Henkel Recognized with the Oustanding Company Safety Achievement Award by Master Builders of Iowa and IOSHA
Master Builders of Iowa (MBI) held their annual Winter Conference the last week of February at Prairie Meadows Event and Conference Center in Altoona. On the agenda was to hand out their prestigious Masters and Safety Awards to industry leaders. In the Safety category Henkel Construction Company was the overall winner for all three awards in which we were a finalist.
Outstanding Company Safety Achievement Award – Henkel Construction
This IOSHA and MBI sponsored award has become one of the most prestigious safety awards in the State of Iowa for the construction industry. This award recognizes the company who demonstrates the best practices in accident prevention and promotes the sharing of the industry’s best achievements to advance safety at all levels. Henkel Construction was selected for their innovation, excellence and execution of their safety culture throughout the company and with their clients.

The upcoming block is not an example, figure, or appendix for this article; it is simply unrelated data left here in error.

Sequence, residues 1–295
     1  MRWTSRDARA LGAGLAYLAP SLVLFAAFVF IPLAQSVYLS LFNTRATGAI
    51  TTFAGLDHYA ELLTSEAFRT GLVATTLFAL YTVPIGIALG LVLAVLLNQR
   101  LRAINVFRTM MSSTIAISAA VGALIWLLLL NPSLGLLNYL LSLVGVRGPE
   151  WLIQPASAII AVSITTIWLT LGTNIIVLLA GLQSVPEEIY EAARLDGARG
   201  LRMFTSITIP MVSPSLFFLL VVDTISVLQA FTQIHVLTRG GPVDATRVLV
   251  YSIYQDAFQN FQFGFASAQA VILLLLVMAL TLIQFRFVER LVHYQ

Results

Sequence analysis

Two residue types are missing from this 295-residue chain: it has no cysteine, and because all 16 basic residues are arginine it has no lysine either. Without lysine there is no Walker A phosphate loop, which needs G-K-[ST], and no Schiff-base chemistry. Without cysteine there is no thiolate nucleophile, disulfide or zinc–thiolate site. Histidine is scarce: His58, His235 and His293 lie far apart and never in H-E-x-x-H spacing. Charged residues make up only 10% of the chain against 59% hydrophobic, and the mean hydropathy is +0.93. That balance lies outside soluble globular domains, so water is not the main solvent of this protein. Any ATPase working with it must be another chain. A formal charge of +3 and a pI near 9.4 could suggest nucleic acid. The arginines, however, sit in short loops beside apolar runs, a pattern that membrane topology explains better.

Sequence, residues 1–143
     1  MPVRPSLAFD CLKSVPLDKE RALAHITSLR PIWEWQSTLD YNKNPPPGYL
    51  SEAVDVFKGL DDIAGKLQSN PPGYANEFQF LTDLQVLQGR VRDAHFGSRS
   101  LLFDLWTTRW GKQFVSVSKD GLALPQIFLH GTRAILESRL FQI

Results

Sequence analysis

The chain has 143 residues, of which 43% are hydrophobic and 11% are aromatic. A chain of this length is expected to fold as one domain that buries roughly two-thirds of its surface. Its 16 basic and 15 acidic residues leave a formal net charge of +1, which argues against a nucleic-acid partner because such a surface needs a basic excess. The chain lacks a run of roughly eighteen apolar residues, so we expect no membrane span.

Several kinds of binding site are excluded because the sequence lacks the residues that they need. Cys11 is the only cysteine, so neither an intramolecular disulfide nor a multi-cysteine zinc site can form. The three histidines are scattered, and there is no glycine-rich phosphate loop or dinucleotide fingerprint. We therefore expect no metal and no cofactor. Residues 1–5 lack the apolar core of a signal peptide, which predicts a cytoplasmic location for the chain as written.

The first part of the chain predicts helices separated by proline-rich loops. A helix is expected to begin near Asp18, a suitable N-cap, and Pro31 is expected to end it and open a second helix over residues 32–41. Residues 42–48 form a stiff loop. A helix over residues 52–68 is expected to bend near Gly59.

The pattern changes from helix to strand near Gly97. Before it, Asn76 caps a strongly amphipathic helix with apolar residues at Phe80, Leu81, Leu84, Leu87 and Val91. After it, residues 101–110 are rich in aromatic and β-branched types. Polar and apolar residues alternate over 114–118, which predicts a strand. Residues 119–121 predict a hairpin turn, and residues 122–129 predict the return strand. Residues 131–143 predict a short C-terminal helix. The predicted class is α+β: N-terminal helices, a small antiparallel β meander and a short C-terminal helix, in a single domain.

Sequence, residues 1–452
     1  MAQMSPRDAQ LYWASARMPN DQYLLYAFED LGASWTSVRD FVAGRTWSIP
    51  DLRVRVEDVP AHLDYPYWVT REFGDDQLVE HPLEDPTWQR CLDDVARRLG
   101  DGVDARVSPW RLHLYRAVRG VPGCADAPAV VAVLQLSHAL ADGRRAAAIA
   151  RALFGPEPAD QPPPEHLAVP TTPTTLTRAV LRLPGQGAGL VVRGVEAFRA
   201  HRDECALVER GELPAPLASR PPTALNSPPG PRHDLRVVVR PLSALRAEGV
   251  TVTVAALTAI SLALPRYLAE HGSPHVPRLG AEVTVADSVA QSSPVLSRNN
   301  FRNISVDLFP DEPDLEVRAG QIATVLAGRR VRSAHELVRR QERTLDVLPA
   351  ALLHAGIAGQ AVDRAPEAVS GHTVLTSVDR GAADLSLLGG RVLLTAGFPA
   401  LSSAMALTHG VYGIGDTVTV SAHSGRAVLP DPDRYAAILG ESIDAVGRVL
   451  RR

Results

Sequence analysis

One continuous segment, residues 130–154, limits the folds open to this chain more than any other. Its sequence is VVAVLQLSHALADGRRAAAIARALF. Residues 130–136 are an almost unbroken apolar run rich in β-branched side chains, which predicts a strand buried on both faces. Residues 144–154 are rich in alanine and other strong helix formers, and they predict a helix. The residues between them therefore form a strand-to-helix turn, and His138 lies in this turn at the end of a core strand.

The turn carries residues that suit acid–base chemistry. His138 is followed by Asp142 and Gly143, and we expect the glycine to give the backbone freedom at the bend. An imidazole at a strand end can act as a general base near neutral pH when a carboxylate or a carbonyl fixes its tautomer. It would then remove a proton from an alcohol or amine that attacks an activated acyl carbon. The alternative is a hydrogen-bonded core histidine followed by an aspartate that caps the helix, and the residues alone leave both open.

Safety Professional Award – Julie Weide
This award spotlights the most dedicated and innovative safety professionals and their achievements in safety both within their company and in the construction industry. Julie Weide is Henkel’s Safety and Training Leader and was recognized as the Top Safety Professional by MBI. She plans and implements programs to train employees in work site safety practices and provides assistance to Project Managers and Superintendents to ensure compliance with all safety programs.
Safety Champion Award – Duane Hanley
This award is given to an individual who has demonstrated commitment to the goal of high performing safety and whose efforts have had a substantial impact on overall safety of a job site. Duane Hanley was selected as MBI’s Safety Champion for his work as Superintendent on the renovation of Marston Hall at Iowa State University. 75% of the building’s internal load bearing walls were removed to create larger, more open and modern classrooms. During the process 17 shoring towers, extending nearly 70 feet from the roof trusses to below the basement floor temporarily supported the roof’s weight while a new steel structure was erected to support the building.